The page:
5. Emily says:

    I agree, fed is best.

    There’s actually some evidence that breast milk contains a lot of the chemicals we put in our own bodies through processed foods and beauty products. So breast milk, while so so beneficial, isn’t perfect. There’s no shame in using or supplementing with formula. I’m due any day now and breastfeeding already gives me some anxiety – will I make enough, will the baby latch, do I eat healthy enough to provide “good” milk, will it hurt, when can I start pumping so I get a break etc. Def not for everyone.

    • gemcat says:

      Fed is best, and good luck with everything Emily! I hope you find what works for you and that you feel supported and strong in that choice, it sounds like a very healthy grounded way to enter into the newborn stage of parenting -kudos to you.

    • Andrea Wenke says:

      I breast fed both my kids for 2 years a piece. Breastfeeding can hurt and can be extremely painful when initiating (my nipples bled). At the first signs of discomfort contact a Lactation Consultant – ask about one after delivery, even. La Leche League has free support too. If you can make it through the first weeks (assuming you’re producing enough milk and baby is healthy), stick with it because it’s very rewarding, easier than mixing a bottle and huge bonus: you burn a ton of calories nursing. Good luck.

    • Betsy says:

      The chemicals in breast milk also come from pollutants in the environment. I don’t know why the message around nursing is for each woman to keep her body as pure as a temple when in reality if we don’t start giving some teeth to the EPA and actually cleaning our environment, it’s a penny wise and pound foolish activity to remove “toxins” from our diet and homes.

  6. GoTDang says:

    Yep. “Breast is best” is so shaming, problematic, and the only part that is scientifically supported about the claim is the immune protection:Breast milk only protects babies for SIX MONTHS. The nutrition of formula is the same. The baby’s ability to digest formula is exactly the same, unless your baby has a health issue (which will most likely be present if it is on a breast-only diet).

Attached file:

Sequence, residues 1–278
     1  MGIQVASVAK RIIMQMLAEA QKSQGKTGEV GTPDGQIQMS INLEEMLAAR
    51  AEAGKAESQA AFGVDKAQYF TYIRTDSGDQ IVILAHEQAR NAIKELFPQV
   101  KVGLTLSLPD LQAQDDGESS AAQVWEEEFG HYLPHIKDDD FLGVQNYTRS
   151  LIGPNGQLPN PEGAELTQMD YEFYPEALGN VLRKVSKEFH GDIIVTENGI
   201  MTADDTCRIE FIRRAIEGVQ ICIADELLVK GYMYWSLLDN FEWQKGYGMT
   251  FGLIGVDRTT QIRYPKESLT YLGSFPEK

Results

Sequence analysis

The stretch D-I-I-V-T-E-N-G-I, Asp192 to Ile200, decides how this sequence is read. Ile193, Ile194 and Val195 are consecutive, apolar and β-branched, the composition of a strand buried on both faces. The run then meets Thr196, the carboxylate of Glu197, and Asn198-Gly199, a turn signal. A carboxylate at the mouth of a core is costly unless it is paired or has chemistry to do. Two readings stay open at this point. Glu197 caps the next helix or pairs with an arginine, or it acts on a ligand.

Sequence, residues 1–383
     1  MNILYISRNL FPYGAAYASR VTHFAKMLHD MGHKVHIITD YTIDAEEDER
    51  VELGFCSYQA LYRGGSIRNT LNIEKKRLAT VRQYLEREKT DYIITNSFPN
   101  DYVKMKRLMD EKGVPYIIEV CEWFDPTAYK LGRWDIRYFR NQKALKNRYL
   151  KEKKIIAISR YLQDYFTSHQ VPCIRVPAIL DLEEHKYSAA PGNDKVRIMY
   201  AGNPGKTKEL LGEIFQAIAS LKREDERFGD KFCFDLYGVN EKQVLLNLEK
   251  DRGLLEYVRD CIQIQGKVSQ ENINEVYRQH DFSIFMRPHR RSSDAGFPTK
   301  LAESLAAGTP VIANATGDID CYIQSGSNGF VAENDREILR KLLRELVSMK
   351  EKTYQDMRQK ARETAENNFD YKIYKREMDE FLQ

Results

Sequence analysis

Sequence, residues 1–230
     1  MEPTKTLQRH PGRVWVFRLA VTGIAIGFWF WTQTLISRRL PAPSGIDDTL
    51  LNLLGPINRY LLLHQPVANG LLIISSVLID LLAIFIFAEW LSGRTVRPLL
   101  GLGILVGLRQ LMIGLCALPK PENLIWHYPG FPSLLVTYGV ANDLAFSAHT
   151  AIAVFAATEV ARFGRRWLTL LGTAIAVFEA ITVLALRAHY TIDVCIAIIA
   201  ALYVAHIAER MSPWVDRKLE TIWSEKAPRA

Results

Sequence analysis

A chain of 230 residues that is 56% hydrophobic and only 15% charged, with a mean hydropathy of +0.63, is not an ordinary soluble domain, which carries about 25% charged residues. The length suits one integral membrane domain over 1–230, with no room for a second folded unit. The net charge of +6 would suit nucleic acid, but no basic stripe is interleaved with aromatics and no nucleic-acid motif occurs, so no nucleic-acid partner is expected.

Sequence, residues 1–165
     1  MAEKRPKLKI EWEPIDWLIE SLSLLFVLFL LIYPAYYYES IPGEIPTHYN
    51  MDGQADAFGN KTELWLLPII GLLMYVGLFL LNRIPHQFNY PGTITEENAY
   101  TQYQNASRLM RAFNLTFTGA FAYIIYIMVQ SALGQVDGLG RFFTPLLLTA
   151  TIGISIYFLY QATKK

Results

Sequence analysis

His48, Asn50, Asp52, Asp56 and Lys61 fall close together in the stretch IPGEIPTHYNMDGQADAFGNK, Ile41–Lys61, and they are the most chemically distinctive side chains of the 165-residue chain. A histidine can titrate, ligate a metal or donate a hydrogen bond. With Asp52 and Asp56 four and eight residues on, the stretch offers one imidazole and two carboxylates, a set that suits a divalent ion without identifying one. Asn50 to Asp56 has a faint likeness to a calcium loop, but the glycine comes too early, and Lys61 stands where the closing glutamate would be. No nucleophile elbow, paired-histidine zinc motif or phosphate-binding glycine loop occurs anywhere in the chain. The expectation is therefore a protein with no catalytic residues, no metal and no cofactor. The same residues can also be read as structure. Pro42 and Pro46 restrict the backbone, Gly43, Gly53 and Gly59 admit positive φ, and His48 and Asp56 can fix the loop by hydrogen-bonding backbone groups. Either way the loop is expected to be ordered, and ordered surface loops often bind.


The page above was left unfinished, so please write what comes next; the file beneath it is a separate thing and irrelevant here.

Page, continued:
Waaaaay too many gay couples, working couples, single dads, grandparents, aunties, and adopted parents are feeling like failures becaue of the complete and utter ignorance and privilege of stay at home mommies and anti-vaxxer morons who have no idea what a blessing and evolutionary gift formula is.

    If you have extra milk, BY ALL MEANS donate to a milk bank. Otherwise, stfu!

    • gemcat says:

      honest question GoTDang, what do you mean by “unless your baby has a health issue (which will most likely be present if it is on a breast-only diet)”? ..are you saying that breast-only is more likely to bring on health issues, isn’t that just shaming the other way?
      Or did I misconstrue your words here?

      • paranormalgirl says:

        I can’t speak for GoTDang, but I think she meant that if a baby has digestive issues, it could present itself regardless of the source; breast or formula.

      • GreenBunny says:

        That’s how I took it too, that if there is a health issue, it’s not the source of food, i.e., breastfeeding or formula feeding didn’t cause the health issue, and that the health problem would present itself regardless to what the food source was. i.e., breast milk or formula wouldn’t have prevented anything. So neither one is better than the either and feed your baby however you want to and need to.

      • gemcat says:

        Then I take that back, I was honestly confused by how it was phrased but having read your takes there Paranormal and Greenbunny I get how it also could be, and probably was, meant another way. Thank you.

      • paranormalgirl says:

        I had to read it twice to make my inference. LOL. Don’t function well in the morning.

    • Betsy says:

      Such an expansive post and then you have to slap at “stay at home mommies” AND lump us together with anti-vaxxers? I beg your pardon? This stay at home “mommy” believes in full vaccinations on the schedule and that FED IS BEST. Think next time before you write such an a narrow minded post.

  7. Elena says:

    I made it 14 months with BF but also supplementing when needed. Going back to work, pumping was the hardest part. I also had mastitis once and almost fainted!

    Everyone has to do what is best for them. My baby also hated the expensive formula, but liked the CVS brand.

  8. BchyYogi says: